Debussy - Pelléas et Mélisande

Opéra Comique, Paris, Wednesday February 19 2014

Conductor: Louis Langrée. Production and sets: Stéphane Braunschweig. Costumes: Thibault Vancraenenbroeck. Lighting: Marion Hewlett. Pelléas: Phillip Addis. Mélisande: Karen Vourc'h. Golaud: Laurent Alvaro. Arkel: Jérôme Varnier. Geneviève: Sylvie Brunet-Grupposo. Yniold: Dima Bawab. Un médecin, Le berger, Luc Bertin-Hugault. Accentus chorus. Orchestre des Champs-Élysées.

Debussy
This is a revival of the Opéra Comique's 2010 production of Pelléas, which I wrote up at the time. I don't, therefore, need to describe the production again. It was after that evening that, at a friend's suggestion, I adopted the present name of my blog. But, like every time - which is why nobody should take any of these reports to heart - this time it was different. Very different, as unusally, I was on the front row, three feet from the pit with an ear, nose and throat specialist's view of the singers' tonsils.

Though many or most people seem to find Debussy's music beautiful, I usually find it, overall, pasty, pastel, rambling and formless - yet sinister: gloomy and grim and dismal and depressing as a month of drizzly Sundays. This is my loss, I don't doubt (and there's no need to click on "Comment" to call me a stupid, arrogant, bitter cunt: you've already told me that, several times). In this case, thrust practically  into the midst of the musicians, while (paraphrasing Beecham) I admittedly don't "get" Debussy, I absolutely loved the noise he made on the Champs Elysées' "HIP" instruments: richly timbred and colourful, yet not, even at close range, overpowering. And being thrust, as well, practically among the singers, I found it easy to be convinced - as far as anyone can be convinced by this whacky story of an Addams family without a sense of humour - by the detailed, committed, convincing acting. The lighthouses and child's play that I wasn't keen on before were still there; but being so close up, the lack of action I complained of in 2010 was made up for by the fascination of individual acting skills - not that I or (I checked) those with me care one bit for the characters or what happens to them.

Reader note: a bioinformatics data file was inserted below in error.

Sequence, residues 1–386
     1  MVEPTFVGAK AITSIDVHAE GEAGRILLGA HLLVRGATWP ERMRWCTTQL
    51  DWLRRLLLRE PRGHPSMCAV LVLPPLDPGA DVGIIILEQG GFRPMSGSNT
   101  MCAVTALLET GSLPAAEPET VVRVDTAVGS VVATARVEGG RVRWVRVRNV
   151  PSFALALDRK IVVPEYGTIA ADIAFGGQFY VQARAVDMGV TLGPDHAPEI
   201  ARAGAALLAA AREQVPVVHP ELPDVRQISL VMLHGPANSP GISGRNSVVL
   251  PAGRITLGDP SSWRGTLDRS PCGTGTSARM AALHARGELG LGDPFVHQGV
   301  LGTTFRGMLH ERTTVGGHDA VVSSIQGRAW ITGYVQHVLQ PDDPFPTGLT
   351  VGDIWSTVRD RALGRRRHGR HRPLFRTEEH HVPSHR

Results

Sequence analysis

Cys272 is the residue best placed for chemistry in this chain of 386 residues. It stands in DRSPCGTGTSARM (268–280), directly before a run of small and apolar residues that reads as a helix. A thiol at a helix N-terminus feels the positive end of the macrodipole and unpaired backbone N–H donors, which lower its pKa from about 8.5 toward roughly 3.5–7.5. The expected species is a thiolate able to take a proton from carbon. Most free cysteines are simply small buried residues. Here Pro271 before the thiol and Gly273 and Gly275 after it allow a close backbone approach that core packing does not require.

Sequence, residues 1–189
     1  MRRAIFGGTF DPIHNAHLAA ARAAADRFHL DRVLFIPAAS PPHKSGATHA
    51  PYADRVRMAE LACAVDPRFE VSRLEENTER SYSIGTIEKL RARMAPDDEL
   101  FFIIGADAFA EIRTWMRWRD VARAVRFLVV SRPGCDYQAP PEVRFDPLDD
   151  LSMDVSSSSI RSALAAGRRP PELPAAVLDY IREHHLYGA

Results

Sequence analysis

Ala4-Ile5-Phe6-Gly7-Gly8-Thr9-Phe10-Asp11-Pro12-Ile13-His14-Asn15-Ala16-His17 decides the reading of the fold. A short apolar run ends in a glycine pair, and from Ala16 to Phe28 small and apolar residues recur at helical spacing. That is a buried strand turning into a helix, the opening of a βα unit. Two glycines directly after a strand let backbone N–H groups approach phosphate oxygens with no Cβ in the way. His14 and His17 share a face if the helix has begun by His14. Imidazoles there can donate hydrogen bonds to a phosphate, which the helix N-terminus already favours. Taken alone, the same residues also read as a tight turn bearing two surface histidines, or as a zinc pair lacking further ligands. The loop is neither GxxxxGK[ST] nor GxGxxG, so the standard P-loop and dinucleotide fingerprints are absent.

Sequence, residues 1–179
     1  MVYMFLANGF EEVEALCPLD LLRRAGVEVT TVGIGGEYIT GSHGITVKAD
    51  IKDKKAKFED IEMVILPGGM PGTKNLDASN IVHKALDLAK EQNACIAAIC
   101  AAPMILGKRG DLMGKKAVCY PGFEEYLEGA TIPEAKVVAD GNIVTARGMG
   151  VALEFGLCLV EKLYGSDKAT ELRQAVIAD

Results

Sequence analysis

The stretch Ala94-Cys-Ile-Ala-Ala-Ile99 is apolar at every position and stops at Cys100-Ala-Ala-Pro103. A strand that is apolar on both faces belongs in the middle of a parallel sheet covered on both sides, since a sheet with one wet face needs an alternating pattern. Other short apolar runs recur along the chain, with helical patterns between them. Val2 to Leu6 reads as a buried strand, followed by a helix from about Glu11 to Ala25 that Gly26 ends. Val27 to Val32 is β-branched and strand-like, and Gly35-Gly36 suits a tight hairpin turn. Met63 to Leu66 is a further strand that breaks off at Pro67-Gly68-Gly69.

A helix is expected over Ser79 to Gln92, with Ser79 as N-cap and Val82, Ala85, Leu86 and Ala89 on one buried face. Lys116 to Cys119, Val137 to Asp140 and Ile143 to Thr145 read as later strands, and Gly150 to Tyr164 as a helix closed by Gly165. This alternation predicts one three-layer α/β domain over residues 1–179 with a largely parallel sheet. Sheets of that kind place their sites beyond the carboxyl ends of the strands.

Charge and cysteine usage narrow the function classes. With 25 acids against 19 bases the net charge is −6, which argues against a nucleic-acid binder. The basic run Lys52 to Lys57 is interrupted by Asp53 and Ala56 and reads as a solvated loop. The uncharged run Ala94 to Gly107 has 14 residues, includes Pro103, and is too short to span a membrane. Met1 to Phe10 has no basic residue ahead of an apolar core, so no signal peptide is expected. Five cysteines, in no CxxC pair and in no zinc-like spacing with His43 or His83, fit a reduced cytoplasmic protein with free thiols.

Though the Golaud wasn't the same singer, once again it became Golaud's show. Laurent Alvaro seems to have found the role of his life, playing a particularly tortured (yet charismatic) prince and singing with great subtlety. At any rate, I found his use of a very smoky pianissimo extremely effective, while his outbursts were not, as I seem to remember they might have been in the past, overbearing.

Getting the ring back
Pelléas and Mélisande were the same, but have matured from teenagers into adults. Addis still has the smiling charm that makes him the only reasonably likeable, near-normal character in the otherwise exasperating, unsympathetic bunch; Vourc'h is now a woman and could no longer be taken for a mere girl. Their vocal performances have simply matured with them. I don't think anyone could fault them.

The part of Geneviève suits Sylvie Brunet to a tee. For the first time, her distinctive timbre reminded me - very gratifyingly - of Dame Janet Baker. They were all so fluent that even Jérôme Varnier seemed a touch stiff in comparison, but perhaps the role and the way it was played in this production were reasons for that. And Dima Bawab manages somehow to make Le Petit Ignoble's "petit" this and "petit" that nearly tolerable, for once.

So this was probably my best Pelléas yet, and I should think Pelléas-lovers loved it. We stayed after the interval.

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